Latent infection with Toxoplasma gondii has been associated with behavioral and cognitive changes in animal models and in humans. Early findings have suggested an association between latent toxoplasmosis and Alzheimer disease (AD). On the basis of these factors, we sought to determine whether there is an association between latent toxoplasmosis and AD using a large, well-characterized sample of subjects with AD and age-matched and sex-matched controls without dementia.
Using ELISA, we determined anti-T. gondii IgG antibody titers in 114 control subjects and in 105 subjects diagnosed with AD through an Alzheimer’s Disease Research Center.
There were no group differences between groups in age, ethnicity, or sex. Education and socioeconomic status was slightly higher in the control group. Neither the prevalence of anti-T. gondii IgG antibodies (33% in the nondemented control group compared with 41% in the AD group, P=0.25) nor log-transformed antibody concentration (106.6 IU/mL in the control group compared with 140.9 IU/mL in the AD group, P=0.85) differed between the control and AD groups.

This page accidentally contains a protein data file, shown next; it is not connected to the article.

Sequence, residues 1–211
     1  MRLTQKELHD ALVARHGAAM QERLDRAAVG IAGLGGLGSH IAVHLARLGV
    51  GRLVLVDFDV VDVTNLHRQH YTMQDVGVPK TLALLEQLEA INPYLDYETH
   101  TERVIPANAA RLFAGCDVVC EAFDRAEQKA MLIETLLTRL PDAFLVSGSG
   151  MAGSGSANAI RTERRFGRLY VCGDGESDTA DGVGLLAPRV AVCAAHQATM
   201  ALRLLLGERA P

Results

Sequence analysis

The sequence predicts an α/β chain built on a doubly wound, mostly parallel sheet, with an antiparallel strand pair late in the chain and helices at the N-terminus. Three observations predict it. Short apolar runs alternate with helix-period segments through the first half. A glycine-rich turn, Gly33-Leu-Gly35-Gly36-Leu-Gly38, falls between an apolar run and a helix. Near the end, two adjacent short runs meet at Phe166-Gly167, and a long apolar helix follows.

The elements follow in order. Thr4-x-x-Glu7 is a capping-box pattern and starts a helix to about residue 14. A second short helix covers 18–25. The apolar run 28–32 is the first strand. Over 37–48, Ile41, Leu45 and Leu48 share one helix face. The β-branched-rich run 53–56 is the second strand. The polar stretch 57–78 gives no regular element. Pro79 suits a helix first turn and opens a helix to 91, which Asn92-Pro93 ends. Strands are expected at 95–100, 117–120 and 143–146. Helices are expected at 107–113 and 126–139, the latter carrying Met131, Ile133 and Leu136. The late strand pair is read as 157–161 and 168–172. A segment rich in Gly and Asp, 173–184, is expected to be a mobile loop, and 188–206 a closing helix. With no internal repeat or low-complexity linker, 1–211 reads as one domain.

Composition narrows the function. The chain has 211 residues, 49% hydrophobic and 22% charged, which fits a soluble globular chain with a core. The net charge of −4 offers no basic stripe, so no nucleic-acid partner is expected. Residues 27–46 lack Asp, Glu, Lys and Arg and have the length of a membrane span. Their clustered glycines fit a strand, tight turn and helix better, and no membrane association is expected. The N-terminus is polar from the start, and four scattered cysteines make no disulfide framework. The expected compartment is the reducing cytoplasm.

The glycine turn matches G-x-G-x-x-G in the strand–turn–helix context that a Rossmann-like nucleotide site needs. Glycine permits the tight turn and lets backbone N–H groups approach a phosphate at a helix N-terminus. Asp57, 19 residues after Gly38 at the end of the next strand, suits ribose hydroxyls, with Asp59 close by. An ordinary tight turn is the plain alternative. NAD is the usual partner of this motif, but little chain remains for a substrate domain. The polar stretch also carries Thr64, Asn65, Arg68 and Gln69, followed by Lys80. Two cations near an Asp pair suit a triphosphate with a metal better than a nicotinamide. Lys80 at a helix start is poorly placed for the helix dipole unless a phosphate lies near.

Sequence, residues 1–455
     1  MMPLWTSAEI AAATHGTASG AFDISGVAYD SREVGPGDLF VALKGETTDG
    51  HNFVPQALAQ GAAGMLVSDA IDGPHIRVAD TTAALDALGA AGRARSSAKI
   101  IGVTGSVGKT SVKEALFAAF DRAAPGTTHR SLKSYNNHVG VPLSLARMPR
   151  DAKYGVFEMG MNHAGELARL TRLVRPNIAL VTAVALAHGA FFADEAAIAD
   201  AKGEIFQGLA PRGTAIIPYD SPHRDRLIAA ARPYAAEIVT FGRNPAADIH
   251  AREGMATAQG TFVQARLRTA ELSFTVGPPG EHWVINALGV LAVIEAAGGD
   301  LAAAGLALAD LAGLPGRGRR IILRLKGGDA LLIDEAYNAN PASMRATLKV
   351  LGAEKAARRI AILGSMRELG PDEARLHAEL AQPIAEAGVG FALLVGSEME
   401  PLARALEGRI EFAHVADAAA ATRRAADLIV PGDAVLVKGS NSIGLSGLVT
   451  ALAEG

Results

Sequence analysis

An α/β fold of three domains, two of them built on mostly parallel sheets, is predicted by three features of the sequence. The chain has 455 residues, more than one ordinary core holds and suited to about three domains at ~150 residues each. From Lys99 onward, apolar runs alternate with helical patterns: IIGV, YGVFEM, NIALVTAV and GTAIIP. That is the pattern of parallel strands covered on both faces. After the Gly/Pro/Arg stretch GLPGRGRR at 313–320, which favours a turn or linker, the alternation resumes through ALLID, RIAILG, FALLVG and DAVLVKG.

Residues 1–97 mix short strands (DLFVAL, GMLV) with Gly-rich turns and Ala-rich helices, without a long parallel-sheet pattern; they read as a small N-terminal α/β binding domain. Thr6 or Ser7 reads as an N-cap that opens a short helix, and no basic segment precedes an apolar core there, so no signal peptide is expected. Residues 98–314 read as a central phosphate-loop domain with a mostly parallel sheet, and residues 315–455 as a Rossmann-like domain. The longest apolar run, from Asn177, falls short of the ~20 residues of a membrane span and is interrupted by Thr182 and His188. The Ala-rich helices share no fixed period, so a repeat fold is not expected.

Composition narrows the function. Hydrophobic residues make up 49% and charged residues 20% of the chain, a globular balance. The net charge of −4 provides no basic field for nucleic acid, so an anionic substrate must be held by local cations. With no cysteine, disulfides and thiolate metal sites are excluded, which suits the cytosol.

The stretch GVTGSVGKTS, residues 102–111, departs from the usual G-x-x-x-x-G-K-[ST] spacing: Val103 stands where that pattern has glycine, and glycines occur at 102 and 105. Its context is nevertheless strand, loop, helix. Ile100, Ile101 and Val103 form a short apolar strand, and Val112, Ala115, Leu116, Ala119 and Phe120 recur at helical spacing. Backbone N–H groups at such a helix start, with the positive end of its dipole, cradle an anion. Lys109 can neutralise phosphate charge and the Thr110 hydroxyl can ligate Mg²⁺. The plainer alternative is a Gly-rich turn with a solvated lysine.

In this sample, we found neither a higher prevalence of latent toxoplasmosis in the AD group compared with the control group nor differences in serum anti-T. gondii IgG titers between groups.